What Are NLP Anchors?

NLP Anchors create a connection in the subject’s mind between Anchoran experience and a sound, a touch, or even a particular smell. Every day we naturally associate how we feel with the things that surround us. And in turn, these anchors, the external stimuli, are able to trigger the feelings again.

Anyone who has every revisited their old school will know what I mean – the sounds and smells from one’s past make memories and feelings come flooding back. Sometimes we are not even aware of the trigger, and we begin to think of something or someone seemingly at random.
Anchoring in NLP

An NLP Practitioner uses anchors to enable his subject to feel a certain way about something whilst he is in a particular state of mind. This NLP Anchoring technique is based on unintentional anchoring – that is to say, anchoring that the subconscious takes on board in a natural, unforced way.

For instance, one person of my acquaintance always equates illness with the special tenderness that he experienced as a child when he was unwell. He anchors thusly: illness = love/sympathy. Now the slightest sniffle is equated as flu and he takes to his bed for a few days. And the more it happens, the more the anchor is reinforced and the more of a hypochondriac he becomes.

Smokers often make a similar anchoring connection to coffee and then feel they can’t enjoy a coffee without a drag on a cigarette. The NLP practitioner can therefore use the same mental processes, but in a positive rather than a negative way.
Creating NLP Anchors

1) Create the right state of mind: Ask the subject to remember a time Acing A Presentationwhen they felt empowered and in control. Get them to really try to live that memory, not just think about it as an observer. They need to be there, in it, doing it again and feeling the same sensations – how they felt, stood/sat, whether they felt hot or cold – all the physical sensations in that moment.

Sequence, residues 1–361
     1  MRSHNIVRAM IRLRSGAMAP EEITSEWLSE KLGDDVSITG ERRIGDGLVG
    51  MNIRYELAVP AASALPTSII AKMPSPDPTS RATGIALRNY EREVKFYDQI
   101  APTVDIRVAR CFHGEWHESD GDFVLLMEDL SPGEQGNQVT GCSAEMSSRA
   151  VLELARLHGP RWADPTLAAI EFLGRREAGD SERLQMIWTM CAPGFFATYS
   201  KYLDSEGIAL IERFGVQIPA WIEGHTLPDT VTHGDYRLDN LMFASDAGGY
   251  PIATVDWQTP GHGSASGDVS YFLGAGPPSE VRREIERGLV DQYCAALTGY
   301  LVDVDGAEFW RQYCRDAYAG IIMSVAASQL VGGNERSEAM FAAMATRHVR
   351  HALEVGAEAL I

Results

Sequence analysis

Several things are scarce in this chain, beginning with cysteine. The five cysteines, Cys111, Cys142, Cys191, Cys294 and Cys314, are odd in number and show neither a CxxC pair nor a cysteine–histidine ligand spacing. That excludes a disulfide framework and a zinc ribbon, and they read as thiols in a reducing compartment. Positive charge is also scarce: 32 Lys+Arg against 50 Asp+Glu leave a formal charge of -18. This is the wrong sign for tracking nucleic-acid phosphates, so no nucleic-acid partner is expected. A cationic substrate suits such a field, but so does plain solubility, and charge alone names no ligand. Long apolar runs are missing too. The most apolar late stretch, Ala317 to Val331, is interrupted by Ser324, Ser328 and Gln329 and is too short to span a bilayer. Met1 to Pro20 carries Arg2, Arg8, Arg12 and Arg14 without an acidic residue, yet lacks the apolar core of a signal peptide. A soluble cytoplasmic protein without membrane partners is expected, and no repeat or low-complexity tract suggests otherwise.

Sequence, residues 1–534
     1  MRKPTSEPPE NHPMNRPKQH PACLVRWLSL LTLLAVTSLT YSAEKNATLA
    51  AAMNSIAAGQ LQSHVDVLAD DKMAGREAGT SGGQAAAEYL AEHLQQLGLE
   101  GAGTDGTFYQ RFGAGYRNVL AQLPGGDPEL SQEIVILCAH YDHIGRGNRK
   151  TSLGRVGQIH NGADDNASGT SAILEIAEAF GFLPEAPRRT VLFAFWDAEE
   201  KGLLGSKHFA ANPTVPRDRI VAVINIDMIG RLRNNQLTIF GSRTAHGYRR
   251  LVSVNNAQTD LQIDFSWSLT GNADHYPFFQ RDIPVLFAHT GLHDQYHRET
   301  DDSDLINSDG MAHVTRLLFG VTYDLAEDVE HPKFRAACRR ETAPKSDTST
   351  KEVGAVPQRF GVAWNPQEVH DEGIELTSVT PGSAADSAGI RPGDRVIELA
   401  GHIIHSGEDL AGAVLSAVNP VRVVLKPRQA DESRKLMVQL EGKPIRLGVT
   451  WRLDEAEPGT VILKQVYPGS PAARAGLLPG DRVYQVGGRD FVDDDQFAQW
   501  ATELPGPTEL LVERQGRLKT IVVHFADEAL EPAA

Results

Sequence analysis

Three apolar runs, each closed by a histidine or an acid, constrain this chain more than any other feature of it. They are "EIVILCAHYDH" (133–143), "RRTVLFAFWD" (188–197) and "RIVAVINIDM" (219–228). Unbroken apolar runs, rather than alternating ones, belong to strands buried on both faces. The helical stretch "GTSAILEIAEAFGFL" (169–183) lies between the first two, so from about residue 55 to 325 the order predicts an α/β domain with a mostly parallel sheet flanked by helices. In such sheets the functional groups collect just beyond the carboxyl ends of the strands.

2) Polarise it: Ask the subject to imagine the reality of that moment and how intense it feels. Then get them to double the feeling, then double it again, then again. Ask them to describe the details. You’ll probably notice physical changes in them at this point.

3) Anchor it: Now you can introduce the anchor. One that is often used is a 5-second press on the person’s shoulder or knee.

4) Reinforce it: It’s now a good idea to reinforce the anchor. Change the subject’s state of mind – maybe ask them to talk about how they travelled to the session or what they did the previous evening. Then produce the anchor in the same was as before.

5) Test it When this process has been followed sufficient times for the anchor to have become established in the subject, again clear their mind by talking about an everyday event. Whilst they are doing this, apply the anchor. The subject can then judge whether the anchor brings back the feeling it is supposed to.
What’s The Point?

Anchoring can erase negative emotional states. Perhaps the subject is scheduled to give an important presentation but is experiencing mounting anxiety as the day it is scheduled for approaches.

The practitioner would encourage the subject to imagine giving Calm Ladythe presentation, and how he would feel to be standing in front of all those people with their attention focused on him. When the poor fellow is displaying physical signs of being clearly agitated, the practitioner would apply the anchor.

The anchor would make the negative feelings of nervousness dissipate by replacing them with positive ones of self-confidence and empowerment. The application of the anchor can be repeated in this way as many times as are necessary. In the end, the person will discover that only the positive feelings are experienced when thinking about giving the presentation.

This is part one of Creating NLP Anchors. Part 2 will deal will deal with different types of anchors and stacking anchors.